Sport Gaelic Football

Saturday 24 March 2018

18 weeks later

From the highs of Leinster glory, Meath's new empire has crumbled into another Royal mess

In the Leinster semi-final Brian Farrell scores the fifth goal as Meath defeat Dublin for the first time in the championship since 2001. A Leinster final awaits and the emphatic victory has Royal fans dreaming of a return to the glory days.
In the Leinster semi-final Brian Farrell scores the fifth goal as Meath defeat Dublin for the first time in the championship since 2001. A Leinster final awaits and the emphatic victory has Royal fans dreaming of a return to the glory days.
Martin Breheny

Martin Breheny

WHEN Brian Farrell steered the ball past Stephen Cluxton for Meath's fifth goal in the closing minutes of the Leinster semi-final against Dublin last June, the Royal subjects dotted all over Croke Park believed they there witnessing the emergence of a new empire.

It was Meath's first championship win over Dublin since 2001 and had been achieved so spectacularly that the rest of the football world took notice.

Eighteen weeks and four days later, Meath are without a manager and proceeding rather clumsily towards replacing Eamonn O'Brien, whose reward for leading the side to the All-Ireland semi-final last year and to a first Leinster title for nine years last July was the sack.

It has been a traumatic time for Meath, much of which is down to themselves. Their reaction to the controversial Leinster final, when they failed to offer a rematch to a justifiably aggrieved Louth, didn't endear them to the wider GAA public.

Meath's subsequent defeat to Kildare in the All-Ireland quarter-final not only devalued their already tarnished Leinster success, but led to an in-house heave against O'Brien, who was voted out, 32-29, by the county board.

The process of finding a new manager has, not for the first time, run into problems, with the recommendation of a three-man committee, who proposed Seamus McEnaney for the position, becoming entangled in the complicated world of Meath GAA politics.

In the space of 18 weeks, the perception of Meath has dropped from a nine-year high to a level where they are regarded as: lacking in honour (because they failed to offer Louth a rematch); being ridiculously impatient (as they removed a manager who brought them a title); indecisive (it's more than eight weeks since O'Brien was voted out); and unpredictable (they appointed a committee to find a new manager and then stalled on the recommendation).

Of course, Meath have history in regard to the latter. Luke Dempsey was recommended to succeed Eamonn Barry in late 2006, but the appointment ran aground on procedural rocks amid claims that an influential lobby didn't want an outsider.

That McEnaney's recommendation should also encounter trouble four years later will inevitably lead to allegations that the 'outside' dimension is a factor and that some in Meath would regard seeking help beyond their own borders as conceding football sovereignty.

That they looked to Monaghan, a county with an inferior record to Meath over the years, made it all the more unpalatable for the 'home rule' brigade. That group would also point out that despite Monaghan's raised profile in the All-Ireland qualifiers and National League, they won just four of 11 Ulster championship games in six seasons under McEnaney.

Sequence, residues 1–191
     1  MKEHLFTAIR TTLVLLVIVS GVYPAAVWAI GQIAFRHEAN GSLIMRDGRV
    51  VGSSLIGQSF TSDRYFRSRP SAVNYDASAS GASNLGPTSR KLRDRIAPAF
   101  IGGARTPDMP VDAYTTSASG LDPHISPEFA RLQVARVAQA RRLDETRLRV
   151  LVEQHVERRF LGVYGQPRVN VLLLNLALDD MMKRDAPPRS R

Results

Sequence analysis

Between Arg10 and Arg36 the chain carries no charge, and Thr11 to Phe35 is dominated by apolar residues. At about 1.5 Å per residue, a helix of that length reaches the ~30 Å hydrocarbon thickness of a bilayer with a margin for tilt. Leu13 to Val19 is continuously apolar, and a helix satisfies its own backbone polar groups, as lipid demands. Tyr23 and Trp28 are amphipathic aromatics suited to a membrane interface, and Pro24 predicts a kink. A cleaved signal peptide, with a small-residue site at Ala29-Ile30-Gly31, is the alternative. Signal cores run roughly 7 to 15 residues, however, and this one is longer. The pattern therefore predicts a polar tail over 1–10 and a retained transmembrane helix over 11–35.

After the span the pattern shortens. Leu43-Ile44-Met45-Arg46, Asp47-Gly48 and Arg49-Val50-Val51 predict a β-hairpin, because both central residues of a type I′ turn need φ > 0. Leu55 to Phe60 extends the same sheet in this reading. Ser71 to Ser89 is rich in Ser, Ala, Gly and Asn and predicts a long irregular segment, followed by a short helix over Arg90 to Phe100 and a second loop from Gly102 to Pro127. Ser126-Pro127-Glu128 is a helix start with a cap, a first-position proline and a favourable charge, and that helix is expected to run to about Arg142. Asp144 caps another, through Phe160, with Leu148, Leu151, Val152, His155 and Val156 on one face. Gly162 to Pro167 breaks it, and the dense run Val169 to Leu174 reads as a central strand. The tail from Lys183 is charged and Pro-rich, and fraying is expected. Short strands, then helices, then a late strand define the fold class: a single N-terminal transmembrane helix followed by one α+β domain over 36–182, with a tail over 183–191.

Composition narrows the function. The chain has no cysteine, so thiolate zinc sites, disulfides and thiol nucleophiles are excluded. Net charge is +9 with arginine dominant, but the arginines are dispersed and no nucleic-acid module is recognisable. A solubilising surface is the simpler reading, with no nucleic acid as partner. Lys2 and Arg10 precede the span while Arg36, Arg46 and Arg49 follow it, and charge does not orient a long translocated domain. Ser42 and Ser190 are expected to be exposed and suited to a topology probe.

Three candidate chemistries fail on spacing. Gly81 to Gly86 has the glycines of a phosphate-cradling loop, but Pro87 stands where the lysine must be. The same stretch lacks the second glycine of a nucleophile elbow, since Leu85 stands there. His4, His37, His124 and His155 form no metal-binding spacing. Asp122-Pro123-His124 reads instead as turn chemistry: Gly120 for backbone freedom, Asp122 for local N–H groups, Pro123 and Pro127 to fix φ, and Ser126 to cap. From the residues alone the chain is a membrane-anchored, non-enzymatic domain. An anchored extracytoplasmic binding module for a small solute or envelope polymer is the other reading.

Irrespective of the circumstances or the talent at their disposal, managers are judged on results and if Meath could reject a man who steered them to a Leinster title and lost only one of six provincial games in two years, it's hardly surprising that there would be opposition to McEnaney.

Whether it's based on clinical analysis of what he could do for Meath or purely on an anti-outsider mentality is the key issue, though one suspects that the latter may weigh more heavily in some quarters, especially as fellow outsiders Paul Grimley and Martin McElkennon are also on the McEnaney ticket.

Despite the initial problems, McEnaney's appointment still looks likely, but even if it goes ahead next week it won't alter the perception that Meath have become synonymous with messy managerial handovers since Sean Boylan left after 23 years in 2005. It's as if his longevity left Meath unprepared for the delicate business of appointing managers in a rapidly changing GAA world.

They are seeking their fourth manager since Boylan's departure, an attrition rate that points to a level of dysfunction which has to be of concern to the players and the supporters.


Among the more surprising elements of Meath post-Boylan has been how few of the players he coached to All-Irelands in 1987, '88, '96 and '99 have emerged for the top job. Other than Colm Coyle, who was in charge in 2007-08, there has been no apparent interest from them.

Colm O'Rourke is always installed as favourite once there's a vacancy and while he hints at being interested at some future date, that date keeps moving forward. It could be a case of tomorrow never coming. Gerry McEntee managed Dublin minors and club side St Brigid's but obviously doesn't want the Meath senior job.

The only two of Boylan's Boys to serve as inter-county managers are Terry Ferguson and Liam Hayes: Ferguson managed Fermanagh in 1995-96, and Hayes had a stint with Carlow in 2005-06.

There's no doubt that the thought of appointing an outside manager is repugnant to some Meath constitutions, but there's an alternate view that, in the absence of obvious home-grown contenders, it's a necessary move. The latter camp appears to be back in the ascendancy, but this week's interruption isn't helpful.

After having difficulties over previous appointments, Meath needed a smooth transition this time but failed to get it. That's never a good situation for a county or, indeed, for the manager who is appointed in such circumstances.

Irish Independent

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